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Like the other applications in Microsoft Office 2007, Excel 2007 boasts upgraded features and a brand-new look. In Excel 2007 Essential Training , instructor Lorna A. Daly introduces the new version in detail. The training begins with the essentials of using the program, including how and why to use a spreadsheet, how to set up and modify worksheets, and how to import and export data. Lorna then moves on to teach more advanced features, such as working with functions and macros. Exercise files accompany the tutorials.
There will be some times that you'd like to be able to grab some information that's included in one column in your worksheets, and break it out into two. I've opened up a employee area in my EatCake Human Resources worksheet, that requires my employees to login with a user ID. And I'd like that user ID to be their first initial of their first name and their last name. And this is exactly how I've created their email addresses. So I'm going to use this as my starting point. I want to break out their email addresses into two pieces, the information before the @, and then the information after the @.
Now, to do that, I'm going to use the Text to Column command in my Data Tools group under my Data tab. Before I do that though, I want to make sure I've got enough area where that information is going to go. Because if I started to break it out now, it's going to overwrite my start date, and that's not something I want to happen. I want to retain that information. So I insert some extra columns. I highlight, column D, and I right-click and I select Insert. And now I've got a new column here.
I'm going to add a couple of extra columns for good measure, and I'm going to do that by hitting my F4, my function 4 button, and that gives me a few more columns to work with. I also don't want to lose these email addresses, so I want to highlight the e-mail addresses, clicking and drag to select them, right-click and select Copy, go to column 3, right-click in my first cell, D2, and then select Paste after a right-click. And that's going to pull now a copy of the email addresses that I can work with in this column.
Next, I'm going to select the column I want to work with, and then I'm going to go up to the Text to Columns function, and select it. And I'm going to get this Convert Text to Columns Wizard. And this will be something that you will be visiting again when you learn how to import data from a text file. It's the same set of commands you're going to go through. Here, is it Delimited? What is the type of file were working with? What does our column look like? And yes, you're selecting a delimited area, you got a particular character in this group of information that's common throughout, and you're going to break it at that point. So you say Delimited, and you click Next.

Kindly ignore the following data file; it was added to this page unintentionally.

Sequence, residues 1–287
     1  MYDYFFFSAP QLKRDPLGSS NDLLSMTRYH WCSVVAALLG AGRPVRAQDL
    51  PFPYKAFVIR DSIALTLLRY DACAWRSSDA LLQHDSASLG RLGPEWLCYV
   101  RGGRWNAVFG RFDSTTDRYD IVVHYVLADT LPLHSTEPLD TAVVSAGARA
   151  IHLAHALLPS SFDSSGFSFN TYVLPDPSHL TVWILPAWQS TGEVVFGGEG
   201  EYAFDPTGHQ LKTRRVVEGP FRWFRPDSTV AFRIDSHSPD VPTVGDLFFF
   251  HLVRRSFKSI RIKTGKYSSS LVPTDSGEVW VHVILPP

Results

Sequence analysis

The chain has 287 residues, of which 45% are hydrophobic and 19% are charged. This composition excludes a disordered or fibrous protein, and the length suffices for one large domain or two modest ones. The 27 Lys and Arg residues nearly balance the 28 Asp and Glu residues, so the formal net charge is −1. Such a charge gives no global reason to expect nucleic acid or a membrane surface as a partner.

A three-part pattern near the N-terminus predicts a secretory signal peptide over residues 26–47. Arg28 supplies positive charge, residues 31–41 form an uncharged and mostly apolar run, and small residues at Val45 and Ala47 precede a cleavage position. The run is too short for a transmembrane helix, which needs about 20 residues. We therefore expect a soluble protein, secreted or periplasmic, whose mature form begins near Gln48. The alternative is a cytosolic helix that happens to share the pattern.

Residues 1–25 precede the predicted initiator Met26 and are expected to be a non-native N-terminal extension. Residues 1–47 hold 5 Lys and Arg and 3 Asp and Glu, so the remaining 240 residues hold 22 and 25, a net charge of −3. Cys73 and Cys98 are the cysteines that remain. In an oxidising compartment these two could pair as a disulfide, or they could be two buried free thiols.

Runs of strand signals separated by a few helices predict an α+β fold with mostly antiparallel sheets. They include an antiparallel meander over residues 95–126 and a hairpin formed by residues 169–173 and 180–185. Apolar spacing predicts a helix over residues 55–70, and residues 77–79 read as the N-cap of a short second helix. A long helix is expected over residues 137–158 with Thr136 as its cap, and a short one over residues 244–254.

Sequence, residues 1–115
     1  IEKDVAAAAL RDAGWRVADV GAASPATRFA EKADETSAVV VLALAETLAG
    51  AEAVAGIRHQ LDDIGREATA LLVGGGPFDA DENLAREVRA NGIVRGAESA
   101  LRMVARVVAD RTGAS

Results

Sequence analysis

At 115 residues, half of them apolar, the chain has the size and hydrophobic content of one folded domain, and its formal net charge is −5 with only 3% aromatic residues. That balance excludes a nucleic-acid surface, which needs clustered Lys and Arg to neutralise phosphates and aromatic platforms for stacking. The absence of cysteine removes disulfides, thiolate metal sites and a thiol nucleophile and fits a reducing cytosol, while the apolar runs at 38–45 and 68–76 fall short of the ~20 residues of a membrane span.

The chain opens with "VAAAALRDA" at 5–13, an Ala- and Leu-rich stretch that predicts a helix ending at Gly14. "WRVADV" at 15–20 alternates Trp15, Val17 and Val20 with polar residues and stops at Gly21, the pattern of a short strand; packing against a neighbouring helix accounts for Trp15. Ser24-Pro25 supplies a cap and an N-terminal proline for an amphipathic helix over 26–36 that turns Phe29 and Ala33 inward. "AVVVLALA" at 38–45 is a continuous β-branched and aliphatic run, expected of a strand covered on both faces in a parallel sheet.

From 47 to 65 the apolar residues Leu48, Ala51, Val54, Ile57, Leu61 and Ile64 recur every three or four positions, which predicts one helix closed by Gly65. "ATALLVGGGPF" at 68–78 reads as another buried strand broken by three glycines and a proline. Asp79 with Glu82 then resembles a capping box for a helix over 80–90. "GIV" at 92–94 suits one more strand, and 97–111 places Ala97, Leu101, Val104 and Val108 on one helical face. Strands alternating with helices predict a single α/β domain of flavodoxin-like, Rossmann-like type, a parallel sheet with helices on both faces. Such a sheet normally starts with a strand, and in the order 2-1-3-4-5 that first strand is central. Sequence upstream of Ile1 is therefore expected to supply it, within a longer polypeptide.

Then it's going to ask you, "what is it delimited by? What's that character I'm going to be looking for in order to break your data for you?" It's going to default to Tab, but it's not a tab, and so you scroll through to see if any of these other options fit, and they don't. So you have an Other selection here that you choose, and take in your @, which is a Shift and the number 2, and that's where you get your @ from. Notice now, here in your Data preview, that it has what we call parsed your data at the right point. It says, "Oh, I know what she wants to do. She wants to get rid of that @, and instead, push the data from one column into two. And she wants to do it wherever she finds that @.
Here's what I think she wants to do." So you take a look at where the system is going to cut your information. And you can say, "Yup, you know what, I've picked the right things. It makes sense to me. This is where I want to go with this particular wizard." Now this is a very important section to just pay attention to when you are doing this yourself, because it really helps you determine whether or not you've grabbed the right delimiter. Because otherwise, it could break your data in a few different places. So I've broken the data out, I click Next. It says, "What kind of format do you want in these columns when you move it?" I'm going to leave it at General, but if there was a particular format you wanted to work with, then you would select it, and then you say Finish. And then when you come in, you'll notice, very quickly, the information that used to be the email address is now broken into two columns; their first name--first initial of their first name and their last name--and this eatcake.
Well you know you don't need those columns anymore, so you can just highlight them, right-click and select Delete to remove them. And then the last thing you need to do is just make sure that you've got the title correct in your column. You select that column name, and now call this UserName because that's what you've created by using that Text to Columns command. And within five or six clicks, you've got a whole new list of information that's been parsed by using the Text to Columns command in your Data tab.
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